- Design Team:Hend Almatrouk, Gijo Paul George, Rui Goncalves, Pedro Varela, Fabio Verissimos, Filipe Goncalves, Dionne Pereira, Abdul Rashed, Ashlon Frank
- Structural Designer:Al Thurath consultants
- Architectural Lighting:Spaces and Concepts
- Furniture And Decorative Lighting:Natuzzi Kuwait
- Plot Area:750 m2
- Project Cost:2.2 Million Euros
- Number Of Floors:Basement + Ground + 2 floors
Text description provided by the architects. The house in Mishref is home to two brothers and their families with their varying lifestyles and needs for privacy and open spaces. An introverted composition of two separate living units grouped around an internal courtyard, the house is an interpretation of the traditional courtyard house. Presenting a clean and serene façade to the street, the resulting massing manifests as a white monolithic volume poised elegantly on top of a stone cladded podium. The rhythmic arrangement of louvered windows across the façade softens the volume by lending it a sense of lightness.
Site and context: The site is located in Mishref, a suburb of Kuwait City comprised mostly of 2-3 story detached houses. The demographic is mostly Kuwaiti and the neighborhood values privacy and quietness. The harsh desert sun in one of the hottest cities in the world sees ambient temperatures rise up to 50 degrees Celsius regularly during the summer. Dust storms are also a regular phenomenon that dictates the planning and construction strategies in the area.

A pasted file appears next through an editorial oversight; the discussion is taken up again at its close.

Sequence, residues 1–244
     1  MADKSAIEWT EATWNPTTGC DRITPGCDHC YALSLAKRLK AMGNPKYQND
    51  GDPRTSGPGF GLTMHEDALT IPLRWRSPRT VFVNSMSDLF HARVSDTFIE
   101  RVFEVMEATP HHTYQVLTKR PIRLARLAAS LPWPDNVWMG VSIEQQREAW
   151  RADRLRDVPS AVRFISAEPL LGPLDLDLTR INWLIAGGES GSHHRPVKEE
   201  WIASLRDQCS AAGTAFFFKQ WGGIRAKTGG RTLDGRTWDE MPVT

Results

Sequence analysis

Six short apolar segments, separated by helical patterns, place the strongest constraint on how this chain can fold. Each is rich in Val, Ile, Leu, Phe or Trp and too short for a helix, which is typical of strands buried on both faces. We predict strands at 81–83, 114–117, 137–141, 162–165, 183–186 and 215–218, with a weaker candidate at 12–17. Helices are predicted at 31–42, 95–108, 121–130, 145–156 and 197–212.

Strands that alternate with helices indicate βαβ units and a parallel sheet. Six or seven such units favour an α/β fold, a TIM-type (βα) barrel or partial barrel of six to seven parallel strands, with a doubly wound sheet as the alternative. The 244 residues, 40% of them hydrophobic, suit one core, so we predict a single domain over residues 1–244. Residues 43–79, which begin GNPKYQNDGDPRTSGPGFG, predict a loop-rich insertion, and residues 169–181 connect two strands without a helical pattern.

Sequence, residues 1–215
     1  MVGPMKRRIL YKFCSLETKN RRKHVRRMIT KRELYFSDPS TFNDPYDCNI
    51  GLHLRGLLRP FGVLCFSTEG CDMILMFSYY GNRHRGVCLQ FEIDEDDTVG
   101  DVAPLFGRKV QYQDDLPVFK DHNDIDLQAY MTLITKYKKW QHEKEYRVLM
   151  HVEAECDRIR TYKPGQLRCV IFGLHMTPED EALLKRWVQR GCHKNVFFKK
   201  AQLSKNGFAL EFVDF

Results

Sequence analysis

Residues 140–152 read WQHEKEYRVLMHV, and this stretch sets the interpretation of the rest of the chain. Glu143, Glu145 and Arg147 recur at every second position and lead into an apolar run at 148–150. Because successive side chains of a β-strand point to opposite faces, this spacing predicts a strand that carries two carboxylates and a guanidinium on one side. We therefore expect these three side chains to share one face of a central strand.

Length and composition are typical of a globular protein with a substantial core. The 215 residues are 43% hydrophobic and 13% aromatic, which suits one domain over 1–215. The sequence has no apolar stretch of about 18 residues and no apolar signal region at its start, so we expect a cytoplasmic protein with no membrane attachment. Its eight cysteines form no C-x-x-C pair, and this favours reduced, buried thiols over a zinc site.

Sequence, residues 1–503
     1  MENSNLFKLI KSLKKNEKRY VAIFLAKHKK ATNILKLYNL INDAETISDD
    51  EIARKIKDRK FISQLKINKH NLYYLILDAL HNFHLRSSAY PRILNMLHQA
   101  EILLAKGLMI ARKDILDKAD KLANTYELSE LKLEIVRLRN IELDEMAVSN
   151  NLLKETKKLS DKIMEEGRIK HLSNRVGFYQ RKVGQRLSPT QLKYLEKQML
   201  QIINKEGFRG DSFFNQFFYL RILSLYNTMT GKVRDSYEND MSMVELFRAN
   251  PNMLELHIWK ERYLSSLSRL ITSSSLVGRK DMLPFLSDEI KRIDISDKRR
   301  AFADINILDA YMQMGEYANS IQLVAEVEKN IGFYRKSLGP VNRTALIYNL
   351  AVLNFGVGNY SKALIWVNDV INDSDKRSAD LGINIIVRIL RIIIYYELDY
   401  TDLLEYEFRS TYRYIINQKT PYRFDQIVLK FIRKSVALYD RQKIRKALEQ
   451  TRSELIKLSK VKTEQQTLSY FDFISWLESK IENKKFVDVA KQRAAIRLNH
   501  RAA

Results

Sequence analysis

A quick survey of existing buildings in the surroundings reveals the following insights:
1. Climate controlled internal spaces are preferred more than open outdoor or semi-outdoor spaces.
2. Maximizing the internal built spaces dictates that windows on the perimetric walls become the only source of natural daylight.
3. Privacy concerns result in most of these perimetric windows being closed most of the time, resulting in dark and unhealthy interiors.
4. Lack of internal social spaces.
The challenge was to address these concerns and define optimized design strategies without escalating the budget.
The courtyard and the fountain: The house is organized around an internal courtyard cutting across all the floors. The U-shaped volume faces this courtyard in an Omani stone clad skin. The courtyard and the void results in an inward-looking typology that can benefit from maximum diffused daylight without compromising on privacy. The house, thus, opens up towards the interior featuring a private courtyard lined with citrus trees and a sculptural fountain reminiscent of the gardens from the Moorish Alcazars.
Circulation loop or social space: The 4-story courtyard and void presented a question of human scale as well as connectivity between the living units facing each other. A large suspended stair is key to an architectural promenade that sweeps through all the floors, offering vantage points and ease of access.
The Palette: The interiors of the house features a simple palette of ethereal white and natural woods. The straight and minimal lines of the massing are offset with the sleek curves of spiral staircases. The furniture is carefully chosen and boldly contrasted against the serene ambiance. The calming sound of the water and the diffused light filtered through the louvered windows make this house an oasis of tranquility in this busy Kuwaiti suburb.